The Australian Labor Party’s stunning defeat may offer a cold, hard warning for Democrats counting on climate change to sweep them to victory in 2020.
Running on a climate-change platform, the left-wing party lost a supposedly “unlosable” election on Saturday to the conservative Liberal/National Party Coalition, led by Prime Minister Scott Morrison, who once praised fossil fuels while holding up a chunk of coal on the floor of Parliament.
“Every time Labor and [activists] reminded Australia that Morrison brought a lump of coal to Parliament, they were helping Morrison,” said Australian climate skeptic Joanne Nova in a post on her JoNova blog headlined, “How to lose the unloseable election: be anti-coal.”
Said Matt McDonald, associate professor at the University of Queensland, on ABC.net: “Voters feared climate policy more than climate change.”
The election results were unexpected, but they also represented the latest in a string of defeats around the world for parties pushing the 2015 Paris climate accord, green energy, fuel taxes and carbon pricing.
It’s a global electoral trend that could spell trouble for the U.S. left in 2020.
Since gaining the House in November, Democrats have moved climate change to the top of their agenda, holding dozens of committee and subcommittee hearings on climate-related topics and passing a resolution to block President Trump from exiting the Paris agreement.
Eleven Democratic Party presidential hopefuls have endorsed Rep. Alexandria Ocasio-Cortez’s Green New Deal, a wildly ambitious resolution calling for a national mobilization on climate at a cost estimated at as high as $93 trillion.
“To the extent that Democrats try to make it the issue, to the extent that’s what they really push and run on, I think they’re going to lose,” said H. Sterling Burnett, senior fellow at the free-market Heartland Institute and expert on international climate policies. “Because it’s a losing issue.”
Democrats were quiet Monday on the Australia results, which saw Mr. Morrison’s coalition win 78 seats, a four-seat gain that allowed the conservative party to retain its majority despite widespread polling indicating an easy victory for Labor.
A Labor win was seen as so inevitable that some bookies paid out bets before the election results were announced, handing over $1.3 million to bettors who picked the wrong team, according to the Sydney Morning Herald.
The upset prompted comparisons to the 2016 U.S. presidential election in which Democrat Hillary Clinton lost to the underdog Mr. Trump, who called climate change a “hoax,” vowed to bring back the coal industry and promised to ditch the Paris accord.
His populist message has since manifested itself in other Western democracies where climate-change advocacy is increasingly viewed by middle-class voters as a byproduct of elitism.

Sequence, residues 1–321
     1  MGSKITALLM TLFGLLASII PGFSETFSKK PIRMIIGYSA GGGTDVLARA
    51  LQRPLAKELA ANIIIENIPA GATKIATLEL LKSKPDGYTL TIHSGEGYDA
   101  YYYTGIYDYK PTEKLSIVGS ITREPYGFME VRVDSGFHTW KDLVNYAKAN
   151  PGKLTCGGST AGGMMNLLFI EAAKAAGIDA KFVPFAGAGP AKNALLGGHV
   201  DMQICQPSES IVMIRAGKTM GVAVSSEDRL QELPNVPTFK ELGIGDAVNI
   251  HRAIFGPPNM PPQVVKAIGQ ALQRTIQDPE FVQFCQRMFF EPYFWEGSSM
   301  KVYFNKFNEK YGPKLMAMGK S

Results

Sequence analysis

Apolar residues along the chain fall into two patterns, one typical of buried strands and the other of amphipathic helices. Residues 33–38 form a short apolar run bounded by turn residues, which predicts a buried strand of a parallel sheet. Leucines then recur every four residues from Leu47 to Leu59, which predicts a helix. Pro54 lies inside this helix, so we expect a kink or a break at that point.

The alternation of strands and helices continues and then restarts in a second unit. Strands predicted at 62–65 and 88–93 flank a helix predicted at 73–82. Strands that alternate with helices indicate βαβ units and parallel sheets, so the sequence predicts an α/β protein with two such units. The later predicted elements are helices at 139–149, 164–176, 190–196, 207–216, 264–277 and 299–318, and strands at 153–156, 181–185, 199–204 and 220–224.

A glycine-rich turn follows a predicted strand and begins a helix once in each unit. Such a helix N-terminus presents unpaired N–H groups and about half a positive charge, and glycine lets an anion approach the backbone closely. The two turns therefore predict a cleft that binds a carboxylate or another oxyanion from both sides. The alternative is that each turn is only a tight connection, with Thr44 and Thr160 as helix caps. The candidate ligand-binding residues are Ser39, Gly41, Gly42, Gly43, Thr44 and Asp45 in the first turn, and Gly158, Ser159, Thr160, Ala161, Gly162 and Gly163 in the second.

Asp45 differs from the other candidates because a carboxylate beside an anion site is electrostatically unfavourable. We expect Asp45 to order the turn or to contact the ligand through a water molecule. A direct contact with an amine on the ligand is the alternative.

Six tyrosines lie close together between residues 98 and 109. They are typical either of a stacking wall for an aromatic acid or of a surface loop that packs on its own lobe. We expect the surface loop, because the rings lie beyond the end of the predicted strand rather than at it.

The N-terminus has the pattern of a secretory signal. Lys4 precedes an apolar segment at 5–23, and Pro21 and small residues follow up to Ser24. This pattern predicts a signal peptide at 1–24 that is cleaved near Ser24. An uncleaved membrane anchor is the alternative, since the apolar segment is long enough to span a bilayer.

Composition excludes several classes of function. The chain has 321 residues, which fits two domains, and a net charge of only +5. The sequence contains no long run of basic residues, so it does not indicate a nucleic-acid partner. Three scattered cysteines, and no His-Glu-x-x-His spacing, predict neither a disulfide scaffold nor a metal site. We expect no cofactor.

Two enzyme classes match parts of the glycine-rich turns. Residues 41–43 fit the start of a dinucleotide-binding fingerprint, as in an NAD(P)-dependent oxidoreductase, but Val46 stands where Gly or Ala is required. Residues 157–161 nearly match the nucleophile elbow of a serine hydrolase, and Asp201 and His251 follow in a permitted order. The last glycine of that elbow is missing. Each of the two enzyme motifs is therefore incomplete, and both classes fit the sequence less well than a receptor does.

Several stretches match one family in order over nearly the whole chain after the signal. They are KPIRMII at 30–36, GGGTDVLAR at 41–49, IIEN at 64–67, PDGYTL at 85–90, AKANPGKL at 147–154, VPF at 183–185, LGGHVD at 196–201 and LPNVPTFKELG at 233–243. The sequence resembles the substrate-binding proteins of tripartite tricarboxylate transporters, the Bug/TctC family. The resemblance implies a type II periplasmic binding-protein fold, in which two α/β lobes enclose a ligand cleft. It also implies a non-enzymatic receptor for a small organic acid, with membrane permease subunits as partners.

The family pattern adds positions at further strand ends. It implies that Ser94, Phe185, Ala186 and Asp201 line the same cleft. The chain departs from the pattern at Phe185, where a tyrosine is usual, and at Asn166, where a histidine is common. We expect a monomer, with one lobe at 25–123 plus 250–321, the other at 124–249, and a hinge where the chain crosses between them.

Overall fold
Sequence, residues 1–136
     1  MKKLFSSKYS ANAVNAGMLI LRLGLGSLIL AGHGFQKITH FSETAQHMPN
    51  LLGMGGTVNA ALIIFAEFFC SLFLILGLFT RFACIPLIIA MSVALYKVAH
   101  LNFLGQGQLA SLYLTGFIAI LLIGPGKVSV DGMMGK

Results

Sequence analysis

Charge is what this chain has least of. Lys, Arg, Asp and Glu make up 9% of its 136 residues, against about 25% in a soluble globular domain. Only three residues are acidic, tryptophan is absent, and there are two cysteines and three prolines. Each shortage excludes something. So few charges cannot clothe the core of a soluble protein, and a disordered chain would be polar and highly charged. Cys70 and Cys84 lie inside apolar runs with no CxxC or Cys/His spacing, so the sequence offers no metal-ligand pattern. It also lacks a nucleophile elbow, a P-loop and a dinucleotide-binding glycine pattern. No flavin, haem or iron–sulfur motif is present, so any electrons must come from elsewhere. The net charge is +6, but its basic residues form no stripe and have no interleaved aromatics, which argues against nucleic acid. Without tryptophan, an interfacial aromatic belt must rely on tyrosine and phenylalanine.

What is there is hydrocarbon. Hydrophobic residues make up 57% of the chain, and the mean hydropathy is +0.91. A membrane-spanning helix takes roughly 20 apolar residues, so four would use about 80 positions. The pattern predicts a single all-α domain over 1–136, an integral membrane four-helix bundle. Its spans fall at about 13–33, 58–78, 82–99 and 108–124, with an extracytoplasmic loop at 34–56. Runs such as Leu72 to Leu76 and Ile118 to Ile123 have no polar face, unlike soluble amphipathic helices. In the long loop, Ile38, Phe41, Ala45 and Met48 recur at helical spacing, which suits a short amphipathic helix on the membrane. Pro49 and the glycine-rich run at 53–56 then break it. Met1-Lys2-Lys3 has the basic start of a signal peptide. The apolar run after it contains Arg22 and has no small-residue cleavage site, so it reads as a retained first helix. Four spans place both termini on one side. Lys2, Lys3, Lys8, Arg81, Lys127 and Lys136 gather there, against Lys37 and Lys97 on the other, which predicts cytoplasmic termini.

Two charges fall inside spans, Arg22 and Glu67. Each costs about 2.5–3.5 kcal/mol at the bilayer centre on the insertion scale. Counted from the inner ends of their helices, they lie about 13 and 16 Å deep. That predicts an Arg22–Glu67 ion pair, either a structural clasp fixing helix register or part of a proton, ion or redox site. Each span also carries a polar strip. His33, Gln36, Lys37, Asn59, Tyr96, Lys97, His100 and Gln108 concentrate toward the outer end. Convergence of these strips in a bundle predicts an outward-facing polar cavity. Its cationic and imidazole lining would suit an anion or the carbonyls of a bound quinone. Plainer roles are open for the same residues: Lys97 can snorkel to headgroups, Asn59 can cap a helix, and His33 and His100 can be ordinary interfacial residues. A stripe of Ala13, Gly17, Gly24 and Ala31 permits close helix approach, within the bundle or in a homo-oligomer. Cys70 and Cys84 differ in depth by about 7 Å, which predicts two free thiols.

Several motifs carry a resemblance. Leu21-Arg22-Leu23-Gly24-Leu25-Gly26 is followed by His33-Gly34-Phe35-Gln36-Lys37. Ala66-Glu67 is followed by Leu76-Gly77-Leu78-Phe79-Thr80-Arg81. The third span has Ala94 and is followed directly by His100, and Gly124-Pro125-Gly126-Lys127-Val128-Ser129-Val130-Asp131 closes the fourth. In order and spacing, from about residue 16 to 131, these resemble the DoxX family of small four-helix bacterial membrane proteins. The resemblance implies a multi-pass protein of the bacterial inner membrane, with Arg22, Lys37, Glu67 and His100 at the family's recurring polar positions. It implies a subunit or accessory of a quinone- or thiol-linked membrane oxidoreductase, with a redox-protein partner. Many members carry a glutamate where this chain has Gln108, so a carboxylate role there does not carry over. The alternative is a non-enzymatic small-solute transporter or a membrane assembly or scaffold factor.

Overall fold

“It’s one country after another,” said Mr. Burnett. “Trump was the base of a wave that’s just cresting now. And it may not be cresting yet, because I’m not convinced this is over.”
Canadian Prime Minister Justin Trudeau saw his climate policies repudiated last year with the election of skeptic Doug Ford as premier of Ontario. In Alberta, voters threw out in April the New Democratic Party and ushered in the United Conservative Party, which vowed to end the carbon tax and other climate policies.
In the Netherlands, the three-year-old Forum for Democracy, a “Euroskeptic” political group that went in March from holding no seats to becoming the largest single party in the Dutch Senate. Their leader, Thierry Baudet, has been dubbed the “Dutch Donald Trump” and has campaigned against “climate-change hysteria.”
The most dramatic scenes occurred in France, where French President Macron backed off plans for a climate tax on fuel to meet the obligations of the Paris agreement after weeks of “yellow vest” protests.
Climate Depot’s Marc Morano called the Australian outcome “a warning shot to Democrats hell-bent on promoting climate fears and the Green New Deal.”
“Voters have a limited appetite for that kind of green drivel and pollsters have an even harder time figuring out these surprise trends that produce shock election results,” he said. “France and Canada have suffered similar voter climate surprises. In the 2020 race, it may be President Trump who will be holding the climate trump card.”
Australian environmentalists vowed to regroup, taking heart over polls showing that most voters wanted to see action on global warming and blaming the loss in part on the “myth” that climate-change policies would kill jobs.
“To those in the community who care deeply about climate action, especially those children who have attended school strikes over the last year, it is worth remembering that progress is being made even if sometimes it doesn’t seem like it,” said Australian Conservation Foundation executive director Kelly O’Shanassy in a statement.
Despite the international indicators, few would expect Democrats in the U.S. to back off on climate. advocacy. For one, the party’s largest individual funder, San Francisco billionaire Tom Steyer, has made it his mission to propel global warming to the political forefront.
“I wouldn’t say this is going to hurt them with their core constituency,” said Caleb Rossiter, who heads the pro-fossil fuels CO2 Coalition. “I’ll tell you one thing, we don’t bother to make appointments with Democrats right now because there’s not one who can listen without getting in trouble with the party and the activists.”
He cited Ms. Ocasio-Cortez’s comment that the world would end in 12 years without extraordinary steps to reduce carbon-dioxide emissions.
“They believe the world is coming to an end,” Mr. Rossiter said. “As AOC says, if you believe the world is ending, you’ll do anything to stop it. That’s how she justifies it.”